With the title “distribution agreement” we refer to a framework agreement, between a supplier/principal and a reseller/distributor as independent businesses, according to which the distributor buys certain products (or services) from the principal, and resells them to customers. The principal usually grants special conditions to the distributor (territorial exclusivity, favourable price conditions, support in advertising, technical assistance etc.), and the distributor in turn engages in promoting the sales of the principal’s products (minimum purchase quantities, sales objectives, showrooms, stock, after sale services etc.).
A distribution agreement, often known in Italy as a “concession agreement” (contratto di concessione) is not, as such, regulated by Italian law. It is considered an atypical contract subject to the general rules of contract law, rules on similar contracts (vendita, somministrazione, mandato) applied by analogy, some specific legislation, and case law principles. Generally, parties are free to decide the content of the contract, and very few rules are considered mandatory.
Some of the most important general rules to consider before submitting a distribution contract to Italian law are as follows (hereinafter we refer to the Italian civil code as “c.c.”):
- some clauses of general terms and conditions (including forum selection/arbitration clause) that are burdensome for the other party (clausole vessatorie) must be accepted with an additional declaration: this results in the need, peculiar to Italian law, of a double signature of the terms (article 1341 c.c.);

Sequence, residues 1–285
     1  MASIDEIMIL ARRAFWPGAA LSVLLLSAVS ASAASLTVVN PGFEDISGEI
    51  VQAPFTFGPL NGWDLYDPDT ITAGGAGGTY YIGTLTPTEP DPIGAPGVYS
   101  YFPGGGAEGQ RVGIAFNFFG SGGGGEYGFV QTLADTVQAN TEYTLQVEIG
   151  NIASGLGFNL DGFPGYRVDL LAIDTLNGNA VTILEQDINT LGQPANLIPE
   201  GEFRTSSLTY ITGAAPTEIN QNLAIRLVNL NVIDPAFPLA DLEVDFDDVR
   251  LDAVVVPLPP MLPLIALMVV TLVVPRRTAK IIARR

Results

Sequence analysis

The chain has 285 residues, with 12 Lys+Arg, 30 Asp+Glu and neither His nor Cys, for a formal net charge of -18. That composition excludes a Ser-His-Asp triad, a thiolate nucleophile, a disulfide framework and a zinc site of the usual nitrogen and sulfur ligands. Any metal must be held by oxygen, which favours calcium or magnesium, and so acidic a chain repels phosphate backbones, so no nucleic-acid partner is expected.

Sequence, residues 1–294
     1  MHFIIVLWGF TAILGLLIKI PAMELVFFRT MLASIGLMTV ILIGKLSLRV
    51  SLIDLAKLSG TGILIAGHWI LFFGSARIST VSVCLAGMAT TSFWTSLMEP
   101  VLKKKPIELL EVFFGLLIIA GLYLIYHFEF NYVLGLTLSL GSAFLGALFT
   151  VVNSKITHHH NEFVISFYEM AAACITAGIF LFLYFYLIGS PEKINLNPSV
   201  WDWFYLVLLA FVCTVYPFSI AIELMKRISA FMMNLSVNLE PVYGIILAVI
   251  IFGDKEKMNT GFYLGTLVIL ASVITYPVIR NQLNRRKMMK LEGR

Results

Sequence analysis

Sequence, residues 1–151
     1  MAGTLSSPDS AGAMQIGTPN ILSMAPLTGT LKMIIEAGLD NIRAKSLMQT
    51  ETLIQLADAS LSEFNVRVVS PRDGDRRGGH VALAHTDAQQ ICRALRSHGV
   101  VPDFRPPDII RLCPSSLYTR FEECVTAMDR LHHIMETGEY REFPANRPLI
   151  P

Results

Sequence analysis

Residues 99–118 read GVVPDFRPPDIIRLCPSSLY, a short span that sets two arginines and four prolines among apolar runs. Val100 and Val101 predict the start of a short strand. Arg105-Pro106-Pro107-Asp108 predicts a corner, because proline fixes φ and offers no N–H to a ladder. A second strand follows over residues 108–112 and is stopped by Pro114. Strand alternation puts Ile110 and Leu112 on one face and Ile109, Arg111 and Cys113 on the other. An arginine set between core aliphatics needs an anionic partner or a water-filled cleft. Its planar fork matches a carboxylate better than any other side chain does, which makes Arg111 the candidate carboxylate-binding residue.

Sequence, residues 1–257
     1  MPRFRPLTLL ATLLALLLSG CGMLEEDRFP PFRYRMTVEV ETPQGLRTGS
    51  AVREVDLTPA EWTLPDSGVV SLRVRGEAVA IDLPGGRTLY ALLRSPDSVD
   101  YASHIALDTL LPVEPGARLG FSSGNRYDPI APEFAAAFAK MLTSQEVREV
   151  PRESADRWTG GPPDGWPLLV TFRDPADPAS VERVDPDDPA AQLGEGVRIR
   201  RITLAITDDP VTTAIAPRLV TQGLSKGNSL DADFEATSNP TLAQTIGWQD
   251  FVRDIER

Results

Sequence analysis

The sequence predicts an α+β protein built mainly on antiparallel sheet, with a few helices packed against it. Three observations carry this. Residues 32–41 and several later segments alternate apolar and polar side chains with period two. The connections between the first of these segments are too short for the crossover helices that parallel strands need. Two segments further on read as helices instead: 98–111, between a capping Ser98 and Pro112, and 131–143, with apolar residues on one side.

- statutes of limitation (e.g. term to claim warranty, to claim damages etc.) are prescribed by law and cannot be diluted by the parties – for example, the statute of limitation to claim warranty in sales contracts in business relations (B2B) is one year from delivery (article 1495 c.c.);
- clauses limiting liability in cases of fraud, gross negligence, or violation of public policy rules are null and void (article 1229 c.c.); Termination due to the insolvency of one party is subject to mandatory regulation by law (legge fallimentare); and
- non-compete clauses must be stipulated in written form, refer to a certain activity or territory, and cannot exceed five years (article 2596 c.c.).
Other mandatory rules which should be considered are mentioned at paragraph 7. According to the case law, distribution agreements are framework agreements, according to which the parties undertake to stipulate a series of contracts for the supply of goods or services at certain conditions.
Distribution agreements, like all vertical agreements, are subject to antitrust rules. Together with the EU rules, which are directly applicable in all Member States, Italian domestic antitrust rules are contained in the Law n. 287/1990, which applies EU principles on a domestic scale.
As a general rule, Italian courts do not apply commercial agency rules to distribution agreements as they consider that the distributor, unlike an agent, is an independent business that does not qualify for particularly protective rules.